NRL News

Kansas House passes Pro-Life Protections Act for 2013

by | Mar 20, 2013

By Kathy Ostrowski, Legislative Director
Kansans for Life

The Kansas House on Wednesday passed HB 2253, an updated version of last year’s Pro-Life Protections Act, by a vote of 92-31. The bill passed without any of the four amendments and will:

  • remove tax breaks for abortionists and tax funding of abortion & abortion training; codify the informed consent already created and in use by KDHE (state health department); unify abortion statute definitions; adopt ‘Life begins at conception/fertilization’ as basis for legislation; and improve support for medically-challenging pregnancies and disabled children.

Reporters in Kansas routinely channel a handful of adjectives and adverbs favored by pro-abortionists to describe whatever piece of pro-life legislation is offered.

Kansas State Rep Lance Kinzer

Kansas State Rep Lance Kinzer

In the case of HB 2253, the bill is, of course, “sweeping.” The added distortion is that the bill would “force” doctors to lie to women by saying that abortion causes breast cancer. It does nothing of the sort.

The most vocal opponent was long-retired anesthesiologist, Rep. Barbara Bollier with her perennial complaint that the bill was medically inaccurate. “I’m so disappointed in you all who have not gone to medical school, who have not gone to nursing school and think you know better,” she said to the House. “It’s shameful”

But it is Rep. Bollier who has many ‘facts’ wrong. For example, there is no phrase “abortion causes breast cancer” in the state informed consent materials, or in this bill that codifies those materials—no matter how many times she repeats that bogus assertion.

Near the end of debate she was made to admit that the first full-term pregnancy is well known to reduce the risk of breast cancer when a woman completes a full-term pregnancy. But Bollier denied the logic of alerting a woman who is experiencing her first pregnancy that she loses the protective effect of childbearing when a woman aborts that pregnancy!

The first of Boiller’s three hostile amendments attempted to remove, from Woman’s Right to Know abortion informed consent materials, the topic of elevated pre-term birth and breast cancer risks. The Kansas  Department of Health & Environment has been already been doing so since 1997 (even without the statutory specificity) because the KDHE  assessed it as relevant information.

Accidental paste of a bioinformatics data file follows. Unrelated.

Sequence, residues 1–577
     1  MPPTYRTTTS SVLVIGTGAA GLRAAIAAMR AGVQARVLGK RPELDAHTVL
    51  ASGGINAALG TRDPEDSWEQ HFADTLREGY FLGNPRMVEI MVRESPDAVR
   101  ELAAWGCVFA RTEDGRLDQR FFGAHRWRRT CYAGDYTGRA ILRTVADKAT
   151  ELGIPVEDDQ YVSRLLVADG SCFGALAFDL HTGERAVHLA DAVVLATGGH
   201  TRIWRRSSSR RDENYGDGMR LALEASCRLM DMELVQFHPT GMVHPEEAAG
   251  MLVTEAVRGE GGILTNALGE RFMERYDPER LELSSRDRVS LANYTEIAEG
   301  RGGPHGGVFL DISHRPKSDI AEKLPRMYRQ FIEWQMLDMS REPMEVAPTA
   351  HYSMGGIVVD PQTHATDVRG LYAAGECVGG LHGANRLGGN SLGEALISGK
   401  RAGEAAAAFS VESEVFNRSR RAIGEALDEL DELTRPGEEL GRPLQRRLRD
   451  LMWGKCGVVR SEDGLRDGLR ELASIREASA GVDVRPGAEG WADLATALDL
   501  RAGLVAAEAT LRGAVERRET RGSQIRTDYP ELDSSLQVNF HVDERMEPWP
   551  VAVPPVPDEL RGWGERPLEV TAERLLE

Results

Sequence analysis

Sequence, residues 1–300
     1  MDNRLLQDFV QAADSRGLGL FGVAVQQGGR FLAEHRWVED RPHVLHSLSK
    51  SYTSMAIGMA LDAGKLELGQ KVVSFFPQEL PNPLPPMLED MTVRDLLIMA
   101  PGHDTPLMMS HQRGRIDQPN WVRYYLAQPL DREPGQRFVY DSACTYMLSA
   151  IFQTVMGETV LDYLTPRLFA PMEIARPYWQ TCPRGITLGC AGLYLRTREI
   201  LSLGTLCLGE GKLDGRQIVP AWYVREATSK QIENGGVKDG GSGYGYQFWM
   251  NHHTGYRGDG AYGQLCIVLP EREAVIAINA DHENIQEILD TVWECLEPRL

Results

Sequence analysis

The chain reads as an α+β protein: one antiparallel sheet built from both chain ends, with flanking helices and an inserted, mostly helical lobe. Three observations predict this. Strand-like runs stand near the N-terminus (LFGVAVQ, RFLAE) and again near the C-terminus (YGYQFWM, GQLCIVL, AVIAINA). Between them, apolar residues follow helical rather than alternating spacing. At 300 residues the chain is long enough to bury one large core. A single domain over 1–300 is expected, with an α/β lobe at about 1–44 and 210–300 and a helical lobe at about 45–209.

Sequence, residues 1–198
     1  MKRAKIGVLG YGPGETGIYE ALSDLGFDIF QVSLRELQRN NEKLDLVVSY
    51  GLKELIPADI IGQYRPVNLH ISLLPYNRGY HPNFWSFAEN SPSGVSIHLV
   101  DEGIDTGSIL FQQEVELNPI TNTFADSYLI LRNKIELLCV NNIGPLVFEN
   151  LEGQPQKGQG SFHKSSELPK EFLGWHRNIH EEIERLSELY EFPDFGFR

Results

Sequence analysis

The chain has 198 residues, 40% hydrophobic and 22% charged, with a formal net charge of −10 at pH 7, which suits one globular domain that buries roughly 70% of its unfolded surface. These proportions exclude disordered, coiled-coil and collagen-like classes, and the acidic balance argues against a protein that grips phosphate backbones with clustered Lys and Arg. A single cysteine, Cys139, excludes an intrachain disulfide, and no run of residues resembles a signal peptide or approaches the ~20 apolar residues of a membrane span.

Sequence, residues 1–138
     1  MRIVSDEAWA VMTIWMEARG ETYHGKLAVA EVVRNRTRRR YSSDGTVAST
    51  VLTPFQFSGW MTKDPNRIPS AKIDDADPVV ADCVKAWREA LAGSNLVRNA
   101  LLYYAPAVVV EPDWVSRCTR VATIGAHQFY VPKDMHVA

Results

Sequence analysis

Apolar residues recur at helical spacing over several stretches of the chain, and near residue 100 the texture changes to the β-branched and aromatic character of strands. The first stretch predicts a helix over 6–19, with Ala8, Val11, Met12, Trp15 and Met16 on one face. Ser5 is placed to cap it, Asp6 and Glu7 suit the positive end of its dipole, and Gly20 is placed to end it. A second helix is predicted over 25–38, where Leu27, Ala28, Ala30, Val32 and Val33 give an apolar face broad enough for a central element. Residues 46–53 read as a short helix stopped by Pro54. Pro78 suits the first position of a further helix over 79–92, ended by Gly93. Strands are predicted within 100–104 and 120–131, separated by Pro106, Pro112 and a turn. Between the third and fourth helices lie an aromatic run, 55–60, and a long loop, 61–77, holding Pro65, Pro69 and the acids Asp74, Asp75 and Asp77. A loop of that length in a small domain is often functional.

Then Bollier tried to delete from the same materials information describing the pain capability of the unborn child. As she did two years ago when fighting passage of a law that would protect from abortion unborn children capable of feeling pain, Bollier insisted no science backs the assertion that the unborn can feel pain at 20 weeks post fertilization. This time, her defense was more astounding.

First, Bollier—who has not practiced medicine for 14 years–was flat out wrong when she told House members that anesthesia is never given to unborn children directly, but only through their mothers. Some surgeries do rely on maternal anesthesia passing into the placenta, but a quick Google search shows NIH articles about direct application of fetal anesthesia including, obviously, during fetal surgery.

Then, in an even more insistent and embarrassing display, Bollier argued that unborn children can’t feel pain, or “feel” a stress reaction, they can only “mount” a stress reaction!

Rep Lance Kinzer, who is the House Judiciary Committee chairman and HB 2253 sponsor, rebutted Bollier:

“When it comes to stress reactions I imagine an unborn child does indeed experience stress when being dismembered and having arms and legs torn off.”

Rep. Kinzer then cited the ample scientific evidence found at

Freshman Rep. Shanti Gandhi, a retired surgeon, stood in strong support of the bill:

“I come here to confirm one fact that’s indisputable, at least in my case having studied medicine, that is that life does start at conception. If we believe that, I think this bill is too long. All it needs is one paragraph that says life begins at conception.”

Categories: Legislation